County Considers Closing Parks in Budget-Saving Move
County Executive Charlie Dooley proposed closing 20 county parks and a community center to help cut $10 million from the 2012 budget.
Suson Park was among the list of 20 St. Louis County Parks County Executive Charlie Dooley recommended closing when first proposing the 2012 budget. The efforts could save $10 million out of a $357.8 million operating fund.
Dooley's budget would also close St. Vincent Community Center, the pools at North County and Kennedy recreation centers and the farm animals exhibit at Suson Park, according to the budget summary. Of the 175 jobs that would be eliminated county-wide, about 135 would come from the Department of Parks and Recreation.
"This is the most difficult decision I have had to make in my more than a quarter century of public service," Dooley wrote in a letter accompanying the budget.
The County Council meets Tuesday at 6 p.m., and residents will be able to comment on the proposed budget at the first public budget hearing immediately after the County Council meeting at 41 S. Central Ave. in Clayton. County Council meetings usually end at about 6:30 p.m.
"I believe the administration recommended the closing of prominent parks such as Lone Elk and George Winter to achieve a dramatic effect and to put pressure on the council," Stenger said in the article. "But the administration could make these closures and job cuts any time. They don't require the approval of the County Council. We don't hire. We don't fire. We don't close parks."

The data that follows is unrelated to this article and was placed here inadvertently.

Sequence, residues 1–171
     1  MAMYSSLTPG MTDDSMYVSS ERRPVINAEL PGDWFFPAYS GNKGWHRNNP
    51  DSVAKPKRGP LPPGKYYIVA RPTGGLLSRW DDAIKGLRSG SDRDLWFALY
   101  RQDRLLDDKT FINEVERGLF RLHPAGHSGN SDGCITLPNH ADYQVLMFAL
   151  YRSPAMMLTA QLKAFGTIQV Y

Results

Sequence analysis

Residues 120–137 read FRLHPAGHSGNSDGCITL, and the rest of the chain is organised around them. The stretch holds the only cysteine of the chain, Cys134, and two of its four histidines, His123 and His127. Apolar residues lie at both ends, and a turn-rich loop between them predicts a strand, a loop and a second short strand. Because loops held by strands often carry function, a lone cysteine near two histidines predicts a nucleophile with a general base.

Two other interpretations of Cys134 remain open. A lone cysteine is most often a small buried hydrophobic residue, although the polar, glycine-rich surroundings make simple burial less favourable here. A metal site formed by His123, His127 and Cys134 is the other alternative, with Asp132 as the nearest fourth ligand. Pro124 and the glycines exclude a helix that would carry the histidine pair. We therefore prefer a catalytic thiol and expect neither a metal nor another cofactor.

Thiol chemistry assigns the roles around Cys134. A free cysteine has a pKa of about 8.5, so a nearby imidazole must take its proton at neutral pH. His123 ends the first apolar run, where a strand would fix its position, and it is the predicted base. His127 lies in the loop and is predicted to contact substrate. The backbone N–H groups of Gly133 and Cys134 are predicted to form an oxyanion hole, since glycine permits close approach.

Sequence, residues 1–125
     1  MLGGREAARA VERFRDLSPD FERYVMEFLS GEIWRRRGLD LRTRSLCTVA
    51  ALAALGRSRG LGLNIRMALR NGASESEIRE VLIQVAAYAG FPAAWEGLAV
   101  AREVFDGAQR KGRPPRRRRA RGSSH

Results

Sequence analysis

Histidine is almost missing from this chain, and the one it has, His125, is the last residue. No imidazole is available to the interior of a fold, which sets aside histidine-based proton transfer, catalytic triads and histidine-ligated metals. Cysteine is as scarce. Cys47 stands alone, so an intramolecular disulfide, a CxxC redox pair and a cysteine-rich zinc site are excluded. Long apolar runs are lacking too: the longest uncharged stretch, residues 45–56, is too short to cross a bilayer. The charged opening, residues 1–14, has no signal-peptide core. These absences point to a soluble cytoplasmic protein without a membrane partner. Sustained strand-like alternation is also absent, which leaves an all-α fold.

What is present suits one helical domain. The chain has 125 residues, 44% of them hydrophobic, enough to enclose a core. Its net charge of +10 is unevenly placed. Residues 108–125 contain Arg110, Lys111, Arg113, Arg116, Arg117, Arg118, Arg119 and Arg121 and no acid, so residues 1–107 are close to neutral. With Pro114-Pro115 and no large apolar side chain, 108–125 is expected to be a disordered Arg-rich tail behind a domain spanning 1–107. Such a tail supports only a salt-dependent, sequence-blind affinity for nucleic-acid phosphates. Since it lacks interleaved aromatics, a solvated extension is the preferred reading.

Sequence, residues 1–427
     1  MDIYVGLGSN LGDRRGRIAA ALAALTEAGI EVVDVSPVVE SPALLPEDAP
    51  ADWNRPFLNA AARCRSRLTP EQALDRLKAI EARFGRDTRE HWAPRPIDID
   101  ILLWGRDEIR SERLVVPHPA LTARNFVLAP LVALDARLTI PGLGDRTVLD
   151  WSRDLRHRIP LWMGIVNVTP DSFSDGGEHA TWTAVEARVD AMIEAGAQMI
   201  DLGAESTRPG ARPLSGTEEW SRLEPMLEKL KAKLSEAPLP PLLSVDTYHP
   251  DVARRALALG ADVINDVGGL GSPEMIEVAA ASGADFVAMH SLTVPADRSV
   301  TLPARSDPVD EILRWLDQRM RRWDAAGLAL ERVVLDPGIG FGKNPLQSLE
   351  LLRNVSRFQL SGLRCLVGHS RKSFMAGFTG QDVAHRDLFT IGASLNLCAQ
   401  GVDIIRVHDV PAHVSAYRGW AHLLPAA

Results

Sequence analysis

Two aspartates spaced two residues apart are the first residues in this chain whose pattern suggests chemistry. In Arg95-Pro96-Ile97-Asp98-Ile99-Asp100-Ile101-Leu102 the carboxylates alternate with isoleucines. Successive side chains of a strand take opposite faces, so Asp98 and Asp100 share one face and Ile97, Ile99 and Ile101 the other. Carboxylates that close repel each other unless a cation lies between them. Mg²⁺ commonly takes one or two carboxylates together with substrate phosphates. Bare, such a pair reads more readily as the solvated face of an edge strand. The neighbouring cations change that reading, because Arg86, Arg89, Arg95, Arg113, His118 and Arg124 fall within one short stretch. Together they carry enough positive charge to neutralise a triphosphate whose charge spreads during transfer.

County residents took to social media to express their disappointment over potentially losing their favorite parks.
“While Pujols is asking for millions of more dollars, St. Louis County is considering closing 20 public parks,” tweeted Manchester resident Emily Anne Cooper. “Just a sad juxtaposition.”
Chesterfield resident Liz Pund said she was “shocked and disappointed” when she heard the news. She spread the word on Twitter, asking others to help brainstorm solutions.
“It would be a real, tangible loss to St. Louisans to lose these important spaces,” she said.
For now, Pund says she thinks Dooley might just be angling for tax increases.
“It’s hard to tell how real the threat is,” Pund said. “If it turns out that this is a real threat, I would like to help organize St. Louis County residents in opposition to it.”
Alex Ihnen, a University City resident who visits Lone Elk Park several times a year, called the potential parks closures “the narrative that best reveals the current and future challenges” for St. Louis County.
“Parks need advocates,” Ihnen wrote in a blog post titled “The Canary in the Suburban Coal Mine.” But when parks can only stay open because of private funding, he said. “Our community becomes a reflection of the values of regional wealth, of those who can raise and give money."